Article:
The third and final book of the Outcast Chronicles.

Publication year: 2012
Page count: 559
Format: print
Publisher: Solaris

290 years ago the peace accords were signed between the True-men (whom the T’En call Mieren) and the powerful and long-lived T’Enatuath (whom the humans call the Wyrd). The two races have co-existed in an uneasy peace since then. Sometimes half-bloods (whom the T’En call the Malaunje and the humans call the Wyrd) are born to two True-men parents. According to the accords, the True-men have to give up the half-blood infants to the T’En.

But king Charald has broken the accords. He attacked the T’En Celestial City and only the cunning of the T’En’s elected leader Imoshen allowed her to negotiate a treaty. According to the treaty, the T’En and Malaunje are allowed free passage to ships which will take them away forever. However, ambitious rebel baron Eskarnor attacked the T’En. Even though king Charald’s declining mental and physical health has been kept a secret, Eskarnor has learnt of it and is taking advantage of it. Now, he has kidnapped old king Charald’s young queen and raped her. Eskarnor intends to murder king Charald and marry the queen so that he will take the throne. However, Charald’s adviser Sorne is trying his best to unite the land against the usurper baron and get the queen back safely. Sorne was born a half-blood so most of the Mieren hate him, which that makes his task very difficult.

Meanwhile, after enduring several attacks the T’Entuath and the Malajaune have finally reached the ships which are supposed to take them to safety. They have a long journey ahead of them but before that they still need to wait for the last of their own people to reach the ships. They are sailing to a temporary safe harbor. In addition to the threat of the Mieren who are anxious to get their hands on the T’En’s rumored wealth, Imoshen has to deal with the suspicions and grumpy T’En leaders who are always looking to increase their own stature – at the cost of other T’En. Unfortunately, at these critical times, their ambitions and their lack of trust to each other could be the end of the whole race.

Kyredeon leads one of the biggest warrior brotherhoods but instead of leading with honor, he keeps the less powerful warriors in line with fear. Even some of his own men have started to think that he’s corrupted in his fear and hatred. Tobazim is a young warrior who has only recently joined Kyredeon’s brotherhood but already the leader has singled him out as a threat. Tobazim has a circle of supporters but most of them are young warriors who resent Kyredeon and Tobazim is afraid that Kyredeon will kill him and his supporters.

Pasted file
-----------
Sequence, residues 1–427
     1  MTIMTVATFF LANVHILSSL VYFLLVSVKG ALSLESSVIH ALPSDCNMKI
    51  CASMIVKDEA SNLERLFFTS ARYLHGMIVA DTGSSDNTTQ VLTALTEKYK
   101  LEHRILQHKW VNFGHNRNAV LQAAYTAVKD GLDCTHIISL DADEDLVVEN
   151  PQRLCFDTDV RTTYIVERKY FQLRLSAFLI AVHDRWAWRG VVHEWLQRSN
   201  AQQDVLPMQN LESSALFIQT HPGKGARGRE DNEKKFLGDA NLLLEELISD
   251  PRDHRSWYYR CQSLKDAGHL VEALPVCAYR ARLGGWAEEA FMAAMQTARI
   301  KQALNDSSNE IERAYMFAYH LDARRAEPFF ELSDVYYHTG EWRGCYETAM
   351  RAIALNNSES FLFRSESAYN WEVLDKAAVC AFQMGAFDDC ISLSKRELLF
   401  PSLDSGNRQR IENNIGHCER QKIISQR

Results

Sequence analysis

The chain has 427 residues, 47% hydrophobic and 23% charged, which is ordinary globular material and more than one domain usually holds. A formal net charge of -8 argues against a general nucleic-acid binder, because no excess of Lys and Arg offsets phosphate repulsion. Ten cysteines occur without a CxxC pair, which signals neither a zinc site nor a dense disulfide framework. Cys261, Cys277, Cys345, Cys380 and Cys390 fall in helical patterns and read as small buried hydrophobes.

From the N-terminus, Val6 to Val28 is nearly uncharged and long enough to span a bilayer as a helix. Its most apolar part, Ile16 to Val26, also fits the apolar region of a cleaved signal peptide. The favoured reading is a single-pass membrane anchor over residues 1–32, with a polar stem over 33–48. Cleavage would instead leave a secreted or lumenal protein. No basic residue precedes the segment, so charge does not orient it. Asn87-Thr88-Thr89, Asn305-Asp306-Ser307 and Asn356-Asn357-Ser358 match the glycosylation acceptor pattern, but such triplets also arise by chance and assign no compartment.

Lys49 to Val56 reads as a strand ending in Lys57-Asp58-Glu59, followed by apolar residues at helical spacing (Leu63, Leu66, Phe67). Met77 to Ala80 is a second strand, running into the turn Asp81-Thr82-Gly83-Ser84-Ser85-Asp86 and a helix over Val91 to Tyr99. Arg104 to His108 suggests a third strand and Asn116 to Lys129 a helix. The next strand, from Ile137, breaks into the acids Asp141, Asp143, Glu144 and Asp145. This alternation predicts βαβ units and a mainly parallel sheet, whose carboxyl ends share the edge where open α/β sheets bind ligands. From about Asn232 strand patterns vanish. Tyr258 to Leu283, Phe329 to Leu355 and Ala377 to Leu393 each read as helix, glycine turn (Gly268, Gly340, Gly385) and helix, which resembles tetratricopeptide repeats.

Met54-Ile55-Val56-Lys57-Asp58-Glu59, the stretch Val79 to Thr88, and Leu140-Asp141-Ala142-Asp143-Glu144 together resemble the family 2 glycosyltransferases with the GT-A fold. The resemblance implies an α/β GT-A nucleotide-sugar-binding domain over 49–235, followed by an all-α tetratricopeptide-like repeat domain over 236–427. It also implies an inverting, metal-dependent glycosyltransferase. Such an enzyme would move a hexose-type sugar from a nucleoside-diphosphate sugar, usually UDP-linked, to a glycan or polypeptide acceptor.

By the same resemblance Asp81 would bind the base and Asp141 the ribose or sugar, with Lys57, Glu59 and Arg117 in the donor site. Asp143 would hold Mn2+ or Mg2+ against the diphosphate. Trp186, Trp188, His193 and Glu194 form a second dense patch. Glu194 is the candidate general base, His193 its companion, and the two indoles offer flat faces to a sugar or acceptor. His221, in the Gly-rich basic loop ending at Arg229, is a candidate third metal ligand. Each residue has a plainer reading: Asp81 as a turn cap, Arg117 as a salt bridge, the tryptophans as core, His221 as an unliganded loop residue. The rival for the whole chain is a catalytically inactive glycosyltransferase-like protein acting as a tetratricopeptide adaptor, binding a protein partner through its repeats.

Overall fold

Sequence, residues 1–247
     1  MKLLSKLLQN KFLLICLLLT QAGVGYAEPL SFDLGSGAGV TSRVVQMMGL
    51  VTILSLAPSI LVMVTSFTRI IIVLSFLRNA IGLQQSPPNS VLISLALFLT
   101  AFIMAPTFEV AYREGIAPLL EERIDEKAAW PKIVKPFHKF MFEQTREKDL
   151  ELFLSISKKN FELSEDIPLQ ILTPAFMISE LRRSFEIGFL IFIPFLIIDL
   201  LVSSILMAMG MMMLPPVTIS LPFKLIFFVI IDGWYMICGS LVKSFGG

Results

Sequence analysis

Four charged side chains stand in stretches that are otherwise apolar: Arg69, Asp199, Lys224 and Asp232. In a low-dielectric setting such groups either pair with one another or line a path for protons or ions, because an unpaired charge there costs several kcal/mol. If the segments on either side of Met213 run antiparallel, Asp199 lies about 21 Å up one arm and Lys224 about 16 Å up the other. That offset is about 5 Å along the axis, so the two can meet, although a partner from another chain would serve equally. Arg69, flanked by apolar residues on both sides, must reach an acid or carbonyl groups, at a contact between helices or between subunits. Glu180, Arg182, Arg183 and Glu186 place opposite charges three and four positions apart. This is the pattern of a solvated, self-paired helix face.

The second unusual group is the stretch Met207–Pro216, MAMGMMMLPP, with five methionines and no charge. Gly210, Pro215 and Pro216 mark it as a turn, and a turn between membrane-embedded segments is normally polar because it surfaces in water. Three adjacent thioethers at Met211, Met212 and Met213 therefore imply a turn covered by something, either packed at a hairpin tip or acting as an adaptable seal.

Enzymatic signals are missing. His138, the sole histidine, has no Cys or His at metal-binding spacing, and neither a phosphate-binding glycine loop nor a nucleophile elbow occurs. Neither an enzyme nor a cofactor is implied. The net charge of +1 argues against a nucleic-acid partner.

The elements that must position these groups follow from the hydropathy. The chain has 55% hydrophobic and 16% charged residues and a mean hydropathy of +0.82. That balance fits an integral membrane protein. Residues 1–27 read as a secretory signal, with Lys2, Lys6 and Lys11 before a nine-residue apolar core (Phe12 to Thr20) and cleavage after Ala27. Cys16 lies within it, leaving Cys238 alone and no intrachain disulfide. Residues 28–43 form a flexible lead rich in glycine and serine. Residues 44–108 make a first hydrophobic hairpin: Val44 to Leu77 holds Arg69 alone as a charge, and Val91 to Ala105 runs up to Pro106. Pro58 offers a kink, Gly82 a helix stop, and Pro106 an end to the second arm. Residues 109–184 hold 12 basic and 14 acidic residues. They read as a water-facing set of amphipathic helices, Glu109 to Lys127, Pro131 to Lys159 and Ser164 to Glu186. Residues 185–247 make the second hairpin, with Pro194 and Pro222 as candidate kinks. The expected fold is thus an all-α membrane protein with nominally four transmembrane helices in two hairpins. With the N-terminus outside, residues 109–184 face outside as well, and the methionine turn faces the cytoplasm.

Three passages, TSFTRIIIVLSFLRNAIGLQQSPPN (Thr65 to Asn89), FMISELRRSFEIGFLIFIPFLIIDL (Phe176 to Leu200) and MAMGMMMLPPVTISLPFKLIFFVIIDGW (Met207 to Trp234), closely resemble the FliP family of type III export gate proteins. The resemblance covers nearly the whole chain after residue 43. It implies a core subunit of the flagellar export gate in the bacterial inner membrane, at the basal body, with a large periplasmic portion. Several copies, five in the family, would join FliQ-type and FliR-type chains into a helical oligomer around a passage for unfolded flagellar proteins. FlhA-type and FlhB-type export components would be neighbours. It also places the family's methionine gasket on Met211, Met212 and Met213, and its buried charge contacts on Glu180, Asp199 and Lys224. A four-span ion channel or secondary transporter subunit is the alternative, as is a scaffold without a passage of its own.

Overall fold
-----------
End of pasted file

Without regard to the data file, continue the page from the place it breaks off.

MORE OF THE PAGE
In the previous book, Exile, we were introduced to a family of two runaway Malaunjes. The greedy Mieren killed the parents and brought the children to the T’En. Now the six children are being torn away from each other because some of them are Malaunje and some are pure T’En, and in the T’En society the T’En don’t acknowledge their Malaunje kin. However, because the kids have grown together, it hard for them to follow this rule. The Malaunje girls are also now automatically servants according to the T’En society’s rules and proud Aravelle can barely stomach that.

The third book in the series is just as intense as the others, full of action, politics, and tragedy. People will have to do heartbreaking things to save their lives or the lives of others. The book also deals with child abuse.

Sanctuary doesn’t have as much out-right warfare as the previous book but the True-men, the Mieren, are just as greedy and ruthless as in the previous books. They will try their best to rape, kill, and rob every last T’En rather than let them sail away. Some of the T’En are also misusing their position and abuse the Malaunje they’re supposed to protect. Also, some the more powerful Malaunje abuse the other Malaunje. One of the themes of the book is how power and ambition corrupts people.

The T’En culture is as fascinating as ever with a lot of internal conflict and suspicions. Imoshen has to resort to outright trickery to get the various brotherhoods and sisterhoods to work together long enough to save their race. She’s also an idealist and tries to take small steps to change the culture which divides T’En women and men from each other from birth. However, many of the people she depends on are traditionalists who would be horrified with the changes she’s dreaming about.

The characters are mostly vivid and compelling, especially the T’En. Unfortunately, most of the Mieren are left almost as caricatures of hatred and greed. Imoshen was raised outside the T’En society and sometimes she has difficult time fitting in. She’s convinced that the T’En society is limiting both individuals and the whole race from growing to their full potential. But most of the T’En don’t want to change. The young warrior Tobazim is an exception to this; he wants his leader Kyredeon deposed and a safer life for everyone in the brotherhood. Tobazim’s gift is for seeing how buildings are put together and the weak spots in them. Now, he can use his gift for people as well. For most of the series, Sorne has been torn between his loyalty to the old ruthless king Charald and to the T’En. Now, he’s thinking of doing one last service to the Mieren before joining the T’En in their exile.

Sanctuary is an intense and satisfying conclusion to the series.

The author kindly sent me a review copy.

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